It's seemed quite frost hardy for me, having seen it through the epic winters  of 2009-10, when we saw temperatures down to 9 degrees in the bulb house.

The weather here has been all over the place, it's been raining pretty hard for the last week. Since we have been under the stay home save lives order of the great pandemic of 2020, I've been getting a lot of work done in the rock garden. Decided to move out some of the Penstemons and Spirea that had overgrown the front of the edge of the drive. I replaced them with Hebe's, red edged and a massive old Broughton Dome that came from Jane's place up above Estacada. Together with the New Zealand sedges it makes a rather nice biotype as if one where driving up a mountain road on the South Island when coming down the drive.



Tuesday, March 24, 2020

Whats blooming March 24th

"Every civilization carries the seeds of its own destruction, and the same cycle shows in them all. The Republic is born, flourishes, decays into plutocracy, and is captured by the shoemaker whom the mercenaries and millionaires make into a king. The people invent their oppressors, and the oppressors serve the function for which they are invented." Mark Twain, Eruption

These are strange times, but I'm great full for a garden and greenhouse full of flowers. I can escape around the world with a trip to the greenhouse, This week we journey to the Isle of Corfu in the Ionian Sea, to the Southern Mountains of Turkey, and down the coast of Syria to Lebanon. 

Fritillaria ionica

Fritillaria latakiensis

Fritillaria acmopetala
I enjoy going out in the late evening and catching the last moments of sunlight before dusk, filtered through the greenhouse film it makes a gentle backlight that I've found really shows off the colors that are hidden on a bright sunny day.

The weather has been interesting, hail, sun, rain, sun, sleet, sun, groppel, sun, that kind of a week for a Spring Break in Oregon. I've lived here a long time and I've found that if there is one thing you can count on is that it will not be sunny and warm during Spring break in Oregon. Probably for the best since we are sheltering in place to avoid the Covid-19. Not gonna say much about that, other than I have plenty of time to blog now.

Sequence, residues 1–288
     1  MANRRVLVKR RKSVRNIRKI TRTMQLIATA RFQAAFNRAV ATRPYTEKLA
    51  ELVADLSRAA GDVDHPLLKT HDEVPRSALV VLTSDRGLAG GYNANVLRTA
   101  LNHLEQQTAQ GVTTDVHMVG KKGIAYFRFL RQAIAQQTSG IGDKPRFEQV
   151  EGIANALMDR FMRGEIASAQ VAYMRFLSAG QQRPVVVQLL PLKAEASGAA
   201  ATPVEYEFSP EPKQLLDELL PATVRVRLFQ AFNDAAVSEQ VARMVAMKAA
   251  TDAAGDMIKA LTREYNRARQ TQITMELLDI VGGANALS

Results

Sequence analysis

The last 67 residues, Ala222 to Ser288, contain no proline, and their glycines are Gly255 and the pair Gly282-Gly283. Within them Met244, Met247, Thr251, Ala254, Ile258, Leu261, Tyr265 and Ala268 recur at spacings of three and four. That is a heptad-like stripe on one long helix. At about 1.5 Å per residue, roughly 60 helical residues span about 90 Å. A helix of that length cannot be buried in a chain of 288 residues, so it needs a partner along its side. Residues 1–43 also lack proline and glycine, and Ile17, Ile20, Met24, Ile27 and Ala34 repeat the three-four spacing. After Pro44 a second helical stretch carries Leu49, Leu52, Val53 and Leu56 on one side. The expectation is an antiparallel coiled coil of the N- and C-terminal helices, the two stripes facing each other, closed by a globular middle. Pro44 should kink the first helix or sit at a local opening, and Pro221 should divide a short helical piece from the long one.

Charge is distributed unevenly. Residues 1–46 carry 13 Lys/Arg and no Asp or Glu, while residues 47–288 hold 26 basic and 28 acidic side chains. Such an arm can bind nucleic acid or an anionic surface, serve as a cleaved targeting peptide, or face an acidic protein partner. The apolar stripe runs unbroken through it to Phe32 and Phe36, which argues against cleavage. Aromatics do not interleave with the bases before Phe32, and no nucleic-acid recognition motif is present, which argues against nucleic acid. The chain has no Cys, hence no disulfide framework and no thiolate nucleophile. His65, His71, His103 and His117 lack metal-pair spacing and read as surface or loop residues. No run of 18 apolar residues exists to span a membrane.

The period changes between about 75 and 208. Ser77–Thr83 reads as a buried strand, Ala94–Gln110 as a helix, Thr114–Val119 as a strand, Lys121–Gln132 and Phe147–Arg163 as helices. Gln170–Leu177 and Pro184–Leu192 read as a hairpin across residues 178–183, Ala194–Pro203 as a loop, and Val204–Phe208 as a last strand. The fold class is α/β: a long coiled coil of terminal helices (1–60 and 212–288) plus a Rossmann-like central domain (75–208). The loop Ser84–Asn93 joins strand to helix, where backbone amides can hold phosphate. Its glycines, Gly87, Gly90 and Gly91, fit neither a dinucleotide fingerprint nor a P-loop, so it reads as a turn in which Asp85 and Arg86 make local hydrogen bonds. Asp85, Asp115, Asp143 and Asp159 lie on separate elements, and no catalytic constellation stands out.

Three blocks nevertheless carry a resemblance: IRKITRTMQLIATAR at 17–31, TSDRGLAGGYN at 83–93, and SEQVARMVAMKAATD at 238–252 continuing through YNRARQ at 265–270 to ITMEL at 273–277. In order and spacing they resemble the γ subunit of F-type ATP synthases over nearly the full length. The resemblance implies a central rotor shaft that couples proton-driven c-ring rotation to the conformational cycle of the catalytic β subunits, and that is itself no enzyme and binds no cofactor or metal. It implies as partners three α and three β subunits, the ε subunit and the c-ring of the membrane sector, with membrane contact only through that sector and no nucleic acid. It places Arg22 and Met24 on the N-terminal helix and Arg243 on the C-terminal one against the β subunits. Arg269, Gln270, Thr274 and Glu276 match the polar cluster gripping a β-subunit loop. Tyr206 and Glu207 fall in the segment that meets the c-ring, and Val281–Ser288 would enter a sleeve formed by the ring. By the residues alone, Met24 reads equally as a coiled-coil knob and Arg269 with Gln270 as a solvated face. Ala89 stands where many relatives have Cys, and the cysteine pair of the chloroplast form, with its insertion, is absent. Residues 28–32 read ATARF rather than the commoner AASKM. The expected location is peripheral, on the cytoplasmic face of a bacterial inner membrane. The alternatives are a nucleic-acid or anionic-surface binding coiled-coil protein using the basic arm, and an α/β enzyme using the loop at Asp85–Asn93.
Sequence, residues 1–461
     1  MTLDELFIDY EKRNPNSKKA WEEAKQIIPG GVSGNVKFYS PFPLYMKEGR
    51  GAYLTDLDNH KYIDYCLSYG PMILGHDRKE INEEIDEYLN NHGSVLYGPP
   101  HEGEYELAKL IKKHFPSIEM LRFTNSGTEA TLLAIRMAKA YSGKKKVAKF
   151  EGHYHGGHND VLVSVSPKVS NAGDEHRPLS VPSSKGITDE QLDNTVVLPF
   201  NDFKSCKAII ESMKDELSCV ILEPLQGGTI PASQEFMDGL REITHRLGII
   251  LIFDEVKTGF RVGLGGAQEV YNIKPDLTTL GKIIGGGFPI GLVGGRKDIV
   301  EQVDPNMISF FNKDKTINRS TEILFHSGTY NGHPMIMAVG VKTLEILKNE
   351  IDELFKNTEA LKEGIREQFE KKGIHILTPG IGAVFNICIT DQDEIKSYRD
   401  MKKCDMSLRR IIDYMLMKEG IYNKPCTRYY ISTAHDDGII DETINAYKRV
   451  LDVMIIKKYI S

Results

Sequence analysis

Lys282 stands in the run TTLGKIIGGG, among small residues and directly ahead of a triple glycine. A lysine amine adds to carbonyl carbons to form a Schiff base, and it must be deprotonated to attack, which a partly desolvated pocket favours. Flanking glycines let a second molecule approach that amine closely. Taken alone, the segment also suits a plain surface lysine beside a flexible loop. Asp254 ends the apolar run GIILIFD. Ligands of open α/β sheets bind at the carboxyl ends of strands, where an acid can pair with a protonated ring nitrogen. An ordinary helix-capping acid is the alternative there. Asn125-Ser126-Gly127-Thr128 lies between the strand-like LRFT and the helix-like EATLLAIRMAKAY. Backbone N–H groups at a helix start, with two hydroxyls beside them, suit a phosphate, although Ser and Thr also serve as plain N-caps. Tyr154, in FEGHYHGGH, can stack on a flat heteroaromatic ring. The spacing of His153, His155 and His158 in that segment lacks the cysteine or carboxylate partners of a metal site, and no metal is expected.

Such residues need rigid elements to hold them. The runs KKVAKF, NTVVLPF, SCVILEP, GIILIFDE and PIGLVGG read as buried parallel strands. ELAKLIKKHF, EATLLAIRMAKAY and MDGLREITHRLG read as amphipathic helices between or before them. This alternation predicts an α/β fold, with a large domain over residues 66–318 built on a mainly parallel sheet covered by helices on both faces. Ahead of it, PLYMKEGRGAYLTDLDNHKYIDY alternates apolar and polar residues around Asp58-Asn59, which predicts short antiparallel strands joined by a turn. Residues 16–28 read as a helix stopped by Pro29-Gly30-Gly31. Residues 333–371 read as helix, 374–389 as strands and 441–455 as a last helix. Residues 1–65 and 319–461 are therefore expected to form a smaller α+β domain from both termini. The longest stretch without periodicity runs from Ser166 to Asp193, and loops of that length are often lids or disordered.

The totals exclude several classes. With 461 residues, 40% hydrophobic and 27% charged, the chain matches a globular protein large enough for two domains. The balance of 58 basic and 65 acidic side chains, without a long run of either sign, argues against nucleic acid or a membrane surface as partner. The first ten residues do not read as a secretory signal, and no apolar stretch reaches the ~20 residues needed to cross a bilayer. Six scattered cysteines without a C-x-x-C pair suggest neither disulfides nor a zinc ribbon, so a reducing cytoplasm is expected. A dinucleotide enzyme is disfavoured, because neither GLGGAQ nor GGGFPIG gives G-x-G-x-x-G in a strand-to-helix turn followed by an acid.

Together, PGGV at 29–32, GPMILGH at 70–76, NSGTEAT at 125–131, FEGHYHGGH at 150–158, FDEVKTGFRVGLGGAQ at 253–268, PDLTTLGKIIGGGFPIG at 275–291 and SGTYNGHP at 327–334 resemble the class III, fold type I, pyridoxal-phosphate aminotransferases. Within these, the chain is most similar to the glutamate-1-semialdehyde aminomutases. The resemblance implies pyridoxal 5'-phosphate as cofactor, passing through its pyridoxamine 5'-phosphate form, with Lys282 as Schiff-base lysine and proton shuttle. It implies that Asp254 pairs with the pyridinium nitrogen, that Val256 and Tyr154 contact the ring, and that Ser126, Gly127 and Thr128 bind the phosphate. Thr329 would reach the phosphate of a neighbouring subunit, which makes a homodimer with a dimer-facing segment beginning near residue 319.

Saturday, March 21, 2020

We made it to spring!

I spent one of the last days of winter visiting the garden of Kevin Vaughn, a local Narcissus, Sempervivum, Iris, Pulmonaria and Epimediium breeder. It was a beautiful day right before the vernal equinox. Kevin has some wonderful hybrids going. I was blown away by the diversity in his collection.

Kevin Vaughn and his breeding lines of Narcissus

Some wonderful pastels and bicolors in the program.

The diversity in Sempervivums Kevin is working with was outstanding. 

I loved the stacked concrete block raised beds, I'm needing to rebuild my rotting woodedn raised beds this summer and I think this is the way i'm going to go. 

A fun day of looking at flowers. 

Kevin starts all his seed in pots and I was amazed to see him doing his work with out the utility of a greenhouse. His plants looked very healthy and well adapted.

The weather has been beautiful this week, highs in the 60's and the garden's all around town springing to life. The ornamental cherries around town are all in full bloom, some of the crabapples are starting in. In my own garden the Nectarine is starting into bloom and I have a hive of honey bees that made it through the winter. The cherry orchard is about ready to bloom as well. 

This week brought the vernal equinox and the start of spring! 

Stay healthy!


Saturday, March 14, 2020